As part of the race to replace silicon in low-cost solar cells, semiconductors called metal halide perovskites are favored as they can be solution-processed into thin films with exceptional photovoltaic efficiency. A partnership between KAUST and Oxford University Researchers has presently uncovered a strategy that involves growing perovskites into centimeter-scale, highly pure crystals, thanks to the influence of surface tension.
In-depth analysis of the mechanisms that generate floating crystals from hot liquids could lead to large-scale, printable solar cells Reproduced with permission from reference 1© 2017 American Chemical Society
In their natural state, perovskites have problems in moving solar-generated electricity as they crystallize with randomly oriented grains. Osman Bakr from KAUST’s Solar Center and co-workers are working on discovering ways that will help to dramatically speed up the flow of these charge carriers using inverse temperature crystallization (ITC). This technique employs special organic liquids and thermal energy in order to force perovskites to solidify into structures similar to single crystals—the optimal arrangements for device purposes.
While ITC creates superior-quality perovskites far faster than standard chemical methods, the probing mechanisms that start crystallization in hot organic liquids are poorly understood. Ayan Zhumekenov, a PhD student in Bakr’s group, recalls spotting a significant piece of evidence during efforts carried out for adapting ITC toward large-scale manufacturing.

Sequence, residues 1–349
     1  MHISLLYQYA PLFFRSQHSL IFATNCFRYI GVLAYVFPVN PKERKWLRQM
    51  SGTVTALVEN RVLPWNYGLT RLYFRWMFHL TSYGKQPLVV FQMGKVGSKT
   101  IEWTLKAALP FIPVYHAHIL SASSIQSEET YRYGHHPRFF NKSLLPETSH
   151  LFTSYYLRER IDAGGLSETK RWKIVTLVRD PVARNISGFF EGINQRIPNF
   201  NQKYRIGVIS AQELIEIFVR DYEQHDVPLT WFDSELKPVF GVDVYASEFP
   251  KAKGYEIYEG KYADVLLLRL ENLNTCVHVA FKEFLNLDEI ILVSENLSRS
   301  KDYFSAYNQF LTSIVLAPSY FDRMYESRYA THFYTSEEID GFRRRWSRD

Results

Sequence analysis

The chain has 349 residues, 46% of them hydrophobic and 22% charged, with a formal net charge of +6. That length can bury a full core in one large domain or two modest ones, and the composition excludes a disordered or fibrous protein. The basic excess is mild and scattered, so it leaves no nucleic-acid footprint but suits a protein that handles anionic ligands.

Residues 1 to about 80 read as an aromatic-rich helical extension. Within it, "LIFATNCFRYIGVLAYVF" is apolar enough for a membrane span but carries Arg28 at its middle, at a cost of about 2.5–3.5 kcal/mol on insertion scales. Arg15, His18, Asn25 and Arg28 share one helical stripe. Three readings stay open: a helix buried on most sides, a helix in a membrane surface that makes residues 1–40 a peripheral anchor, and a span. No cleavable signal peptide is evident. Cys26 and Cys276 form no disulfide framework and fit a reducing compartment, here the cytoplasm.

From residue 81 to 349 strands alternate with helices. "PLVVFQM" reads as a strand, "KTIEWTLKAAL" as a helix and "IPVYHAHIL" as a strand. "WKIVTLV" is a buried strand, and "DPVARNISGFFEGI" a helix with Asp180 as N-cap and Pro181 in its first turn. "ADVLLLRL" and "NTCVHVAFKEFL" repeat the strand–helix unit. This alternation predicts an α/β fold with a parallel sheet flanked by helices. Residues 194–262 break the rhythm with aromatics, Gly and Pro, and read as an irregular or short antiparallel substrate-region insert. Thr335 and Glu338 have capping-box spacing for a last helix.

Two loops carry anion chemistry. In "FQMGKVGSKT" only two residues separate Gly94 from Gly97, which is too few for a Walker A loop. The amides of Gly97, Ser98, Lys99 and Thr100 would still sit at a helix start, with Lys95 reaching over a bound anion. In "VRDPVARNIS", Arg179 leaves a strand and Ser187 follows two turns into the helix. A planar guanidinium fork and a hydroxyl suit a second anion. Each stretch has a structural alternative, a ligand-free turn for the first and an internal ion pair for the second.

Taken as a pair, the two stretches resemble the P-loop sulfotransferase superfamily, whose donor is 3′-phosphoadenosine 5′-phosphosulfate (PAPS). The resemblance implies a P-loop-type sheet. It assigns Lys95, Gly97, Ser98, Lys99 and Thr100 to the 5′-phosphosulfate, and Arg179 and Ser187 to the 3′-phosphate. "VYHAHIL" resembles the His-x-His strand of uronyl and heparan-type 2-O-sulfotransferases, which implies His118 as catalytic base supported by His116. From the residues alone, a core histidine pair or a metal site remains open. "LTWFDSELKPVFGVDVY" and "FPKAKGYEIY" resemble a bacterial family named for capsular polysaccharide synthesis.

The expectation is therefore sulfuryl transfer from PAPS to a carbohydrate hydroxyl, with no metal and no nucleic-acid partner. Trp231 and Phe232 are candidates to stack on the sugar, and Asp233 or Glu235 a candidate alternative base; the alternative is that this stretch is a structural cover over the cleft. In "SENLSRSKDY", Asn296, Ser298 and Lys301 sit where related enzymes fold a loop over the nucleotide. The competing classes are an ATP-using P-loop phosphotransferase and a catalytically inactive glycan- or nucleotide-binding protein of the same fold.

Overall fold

At some point, we realized that when crystals appeared, it was usually at the solution’s surface,” he says. “And this was particularly true when we used concentrated solutions.
Ayan Zhumekenov, PhD student, Bakr’s group
The KAUST team combined with Oxford theoreticians in order to identify how interfaces influence the growth of perovskite in ITC. They suggest that metal halides and solvent molecules originally cling together in tight complexes that start to stretch and weaken at greater temperatures. The complex breaks and perovskites begin to crystallize with sufficient thermal energy.
However interestingly, the Researchers discovered that complexes positioned at the solution surface can go through additional forces because of surface tension — the strong cohesive forces that enable specific insects to stride over ponds and lakes. The extra pull provided by the surface makes it a lot easier to detach the nucleate crystals and solvent-perovskite complexes that float on top of the liquid.
By exploiting this knowledge, the Researchers were able to produce centimeter-sized, ultrathin single crystals and prototype a photodetector with characteristics comparable to modern devices. Even though the single crystals are presently fragile and tough to handle due to their microscale thicknesses, Zhumekenov explains that this method could help in directing the perovskite growth onto particular substrates.
Taking into account the roles of interfaces and surface tension could have a fundamental impact, we can get large-area growth, and it’s not limited to specific metal cations—you could have a library of materials with perovskite structures.
Zhumekenov , PhD student, Bakr ’s group